So goes the famous opening line of Jarry’s Ubu Roi, the extra “r” for pungent emphasis.
“Shitters!” cries the small bright puppet of Ubu poking from a small rectangular aperture in the implacable wooden rampart covering the Hampstead stage, a papier mache fudge of such maladroit planes and thickened wedges as to be a deliberate affront to craft. The addition of “ers” to the solid “shit” is part of Simon Stephen’s cockney update to the sloshing facility with execration of Jarry’s protagonist. It also renders the word an agent noun, the suffix borrowed from the Old English “ware” meaning residency or an inhabitant of. We are members of a shitty club, commonly base and linked in waste, and yet, Jarry has suggested, we are nothing compared to the appetites of sovereignty, where all is a feast – shit waiting to happen.
As was Jarry, food for the maggots by the age of thirty four, dying paralysed from the waist down and lodged in a space between apartment walls apparently having soiled himself. There are rivers of shit in the Ubu plays, sticky with logs and mudfat, dogtags and turtleheads. English translations had Sexcrement and Buggerlas as character names, Ubu Rex was “King Turd”. His costume, as stipulated by Jarry, was to resemble a “bum in front and behind”. Less appetising than Fubu Winklepickers, Jarry invents shoes called “Turd-crunchers” which come in a range including “still-steaming, horsedung, the oldest coproliths, sullen cowpats, the innocent mecononium of breast-fed baby, someting special for Policeman’s droppings, and a pair for the stools of middle aged men”.
Tonight Pa Ubu is less fanciful but no less scatalogical, a diminutive patriarch cockney he’s all “blubbery bumholes” this, and “bugger me backwards you blubbery tit” that, occasionally sucking himself off in some of the best moments of puppet-based auto-fellatio you’re likely to see in Hampstead this Spring. He’s sparklingly violent, swinging Punch-like at Ma Ubu, before going on to depose King Wenceslas (“you bollock bucket”), and dispose of the bankers and judges down a lavatorial chute.
And then the aperture squeezes shut.
And the panel that covers the front of the stage rises to reveal a perfectly-mundane bureaucratic room with tenebrific electric lights, in which two interpreters sit blinkingly relating an unfolding criminal trial. Kate Duchêne is superb, glassy and harassed, reeling out the charges in all their dry sub-clausule intricacy. When it all gets too much she tags the lively and abashed Nikki Amuka-Bird, as they become weighed down by the horror and endlessness of proceedings. Katie Mitchell brings her well-made game, terseness shot through with thunder, queasily pregnant in a finely controlled environment, the ominousness of a blinking halogen in deserted office-space. Reminiscent of Wastwater, here Lizzie Clachan’s set-design is even better: fussless boxes, a stern and elegant institutionalised triptych.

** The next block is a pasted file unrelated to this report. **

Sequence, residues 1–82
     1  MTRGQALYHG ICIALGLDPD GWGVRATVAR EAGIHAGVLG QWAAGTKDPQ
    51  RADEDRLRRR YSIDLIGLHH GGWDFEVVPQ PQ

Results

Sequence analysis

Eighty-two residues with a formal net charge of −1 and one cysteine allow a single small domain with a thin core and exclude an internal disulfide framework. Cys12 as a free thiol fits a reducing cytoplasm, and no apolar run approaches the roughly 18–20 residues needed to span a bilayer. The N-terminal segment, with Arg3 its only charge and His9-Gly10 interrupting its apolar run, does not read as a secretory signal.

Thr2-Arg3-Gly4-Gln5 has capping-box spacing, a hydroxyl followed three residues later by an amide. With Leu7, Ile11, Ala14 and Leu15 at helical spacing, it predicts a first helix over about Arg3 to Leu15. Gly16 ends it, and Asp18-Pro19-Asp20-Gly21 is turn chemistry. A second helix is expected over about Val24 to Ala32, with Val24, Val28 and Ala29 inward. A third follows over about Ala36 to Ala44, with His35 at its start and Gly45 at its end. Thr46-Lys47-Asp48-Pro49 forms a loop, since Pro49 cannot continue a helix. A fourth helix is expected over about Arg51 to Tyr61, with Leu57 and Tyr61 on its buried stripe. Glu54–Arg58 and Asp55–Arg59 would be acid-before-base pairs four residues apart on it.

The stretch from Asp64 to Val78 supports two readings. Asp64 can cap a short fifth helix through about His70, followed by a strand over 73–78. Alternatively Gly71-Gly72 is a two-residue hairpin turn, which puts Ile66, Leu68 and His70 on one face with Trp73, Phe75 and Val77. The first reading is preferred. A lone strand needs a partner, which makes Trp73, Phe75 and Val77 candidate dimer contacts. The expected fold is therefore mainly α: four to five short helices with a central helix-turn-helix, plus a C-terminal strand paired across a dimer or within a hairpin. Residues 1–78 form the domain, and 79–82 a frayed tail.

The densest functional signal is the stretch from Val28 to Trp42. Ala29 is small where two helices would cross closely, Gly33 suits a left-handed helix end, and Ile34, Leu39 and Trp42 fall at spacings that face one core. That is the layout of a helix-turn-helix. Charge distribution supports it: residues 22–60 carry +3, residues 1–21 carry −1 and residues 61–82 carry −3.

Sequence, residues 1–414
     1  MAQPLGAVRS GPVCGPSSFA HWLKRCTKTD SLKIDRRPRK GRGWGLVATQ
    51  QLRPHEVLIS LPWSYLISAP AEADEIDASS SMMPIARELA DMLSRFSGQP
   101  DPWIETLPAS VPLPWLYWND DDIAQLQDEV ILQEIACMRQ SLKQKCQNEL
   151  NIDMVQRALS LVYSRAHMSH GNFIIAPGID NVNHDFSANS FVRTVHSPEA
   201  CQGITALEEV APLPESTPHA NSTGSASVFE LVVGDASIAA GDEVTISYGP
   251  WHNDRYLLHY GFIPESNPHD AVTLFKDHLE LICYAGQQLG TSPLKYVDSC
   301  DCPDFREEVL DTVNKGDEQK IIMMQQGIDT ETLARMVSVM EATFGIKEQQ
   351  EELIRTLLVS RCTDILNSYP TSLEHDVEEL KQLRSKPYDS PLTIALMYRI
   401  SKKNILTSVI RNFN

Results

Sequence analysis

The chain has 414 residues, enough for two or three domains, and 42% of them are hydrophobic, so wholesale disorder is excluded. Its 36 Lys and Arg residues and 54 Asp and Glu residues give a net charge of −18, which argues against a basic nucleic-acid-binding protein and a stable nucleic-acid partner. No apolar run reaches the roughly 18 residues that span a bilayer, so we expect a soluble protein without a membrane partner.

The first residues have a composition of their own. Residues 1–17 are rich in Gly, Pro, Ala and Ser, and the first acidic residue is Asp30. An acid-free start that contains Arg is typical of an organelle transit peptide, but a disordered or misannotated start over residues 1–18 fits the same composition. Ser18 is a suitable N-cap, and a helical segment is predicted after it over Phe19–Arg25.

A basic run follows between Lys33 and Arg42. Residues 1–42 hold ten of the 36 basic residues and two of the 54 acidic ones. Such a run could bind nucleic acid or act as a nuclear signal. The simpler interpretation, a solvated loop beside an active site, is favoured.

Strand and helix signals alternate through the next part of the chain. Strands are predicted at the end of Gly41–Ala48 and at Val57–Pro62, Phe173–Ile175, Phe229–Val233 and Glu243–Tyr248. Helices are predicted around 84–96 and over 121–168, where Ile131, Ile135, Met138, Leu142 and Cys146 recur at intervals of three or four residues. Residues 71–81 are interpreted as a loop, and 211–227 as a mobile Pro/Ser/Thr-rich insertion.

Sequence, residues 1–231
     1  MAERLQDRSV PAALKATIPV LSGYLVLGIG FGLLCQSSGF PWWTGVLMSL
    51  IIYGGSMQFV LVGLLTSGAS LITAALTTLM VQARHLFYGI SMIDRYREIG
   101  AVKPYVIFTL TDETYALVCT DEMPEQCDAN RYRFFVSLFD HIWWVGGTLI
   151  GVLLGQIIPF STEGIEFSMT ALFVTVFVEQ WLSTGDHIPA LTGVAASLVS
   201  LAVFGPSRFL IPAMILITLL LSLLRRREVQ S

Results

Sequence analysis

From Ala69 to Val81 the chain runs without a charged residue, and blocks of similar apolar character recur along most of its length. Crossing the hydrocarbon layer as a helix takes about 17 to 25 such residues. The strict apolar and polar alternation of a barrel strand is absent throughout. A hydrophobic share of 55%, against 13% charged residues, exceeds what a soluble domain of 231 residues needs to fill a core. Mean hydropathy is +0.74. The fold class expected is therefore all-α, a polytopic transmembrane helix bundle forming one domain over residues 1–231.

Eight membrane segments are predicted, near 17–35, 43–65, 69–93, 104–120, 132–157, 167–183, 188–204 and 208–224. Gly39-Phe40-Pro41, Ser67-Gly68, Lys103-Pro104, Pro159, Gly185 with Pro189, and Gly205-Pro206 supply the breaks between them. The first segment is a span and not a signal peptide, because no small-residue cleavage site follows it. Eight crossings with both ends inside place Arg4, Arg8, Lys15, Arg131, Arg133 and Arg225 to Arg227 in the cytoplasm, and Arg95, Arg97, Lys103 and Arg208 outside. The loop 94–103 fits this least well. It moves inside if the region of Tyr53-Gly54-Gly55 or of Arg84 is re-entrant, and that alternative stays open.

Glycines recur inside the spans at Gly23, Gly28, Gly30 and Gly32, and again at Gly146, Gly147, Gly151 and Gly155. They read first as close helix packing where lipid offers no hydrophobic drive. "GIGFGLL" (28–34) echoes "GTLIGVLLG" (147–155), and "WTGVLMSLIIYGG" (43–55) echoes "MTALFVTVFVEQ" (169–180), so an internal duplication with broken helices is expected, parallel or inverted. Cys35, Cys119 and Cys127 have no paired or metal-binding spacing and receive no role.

Stephens’ text (simmered down to searing concentrate after its first outing with Toneelgroep Amsterdam and the Schauspielhaaus Essen) rakes back over the narrative points of the Ubu plays to place them under the forensic lens of judicial procedure. Ubu is up for war crimes, and along with the solemn indictment of the same totalitarian lust that Jarry took on with such abandon, comes an interrogation of our relationship with visual violence and the authoritarian personality, the terror in the gut of populism, and centrally, the operations of international justice.
Over a few fags outside the courtroom, we are neatly toured through an exposition of the court’s shortcomings: its historical skew, the slippery fictive quality of the lines drawn in the sand, which reduce complexity of action (momentary products of “what people hear, and they smell, and they taste, and they feel”) to fixed instances of guilt, and how proceedings allow the continuity of injustice in the gears of absolved administrations. Its precise work, almost too precise. Because if the courts’ purview is invariably too narrow, then, enraptured by the theatrical disjunction between murderous monster and the slow dutiful grind of liberal decency, perhaps so too is the play’s.
“After what we’ve done. How dare we judge anyone?” says the prosecutor to the defence. “How dare we not.” comes her reply. Because the heart of this play is a quivering organ, sweetly pumped with a righteous sense of the nobility of criminal justice. Sailing in tandem with the international judiciary’s conception of itself, it indulges itself in the kind of it’s-not-perfect-but-it’s-the-best-around satieties that mark latterday notions of Western progress. Where the playwright might make a busy and novel agent in the realms of jurisprudence, here we get something more clingy, a touch dewy-eyed, a hymn to the nailing of bad guys.
And while the glowering menacing Paul McCleary as Ubu the man (a scarified and makeupped Heath Ledger-variant Joker) makes a half-hearted move to interrogate universalism in his final oration (“we’re not all born rational”), pinned so far under the minutiae of due process, he fails to stand up. We are left with an ominous sense of barbarians at the gates, evil embodied in the actions of foreign men. Leaving aside the court’s implications in continuing modes of Western dominance, and their reflection upon us (Ubu stabs at the court as spectacle but doesn’t sever nerves), there is perhaps another reading of despotic hunger as something operating closer to home, the violence of sovereignty that Jarry perhaps did not confine to illiberal systems, in tandem those voracious social forces that hoover up all before us. The Trial of Ubu is clever, extraordinarily staged, but in being so too easily slips the handcuffs, leaving us finally with an account of international justice that feels a touch slippery and light-fingered.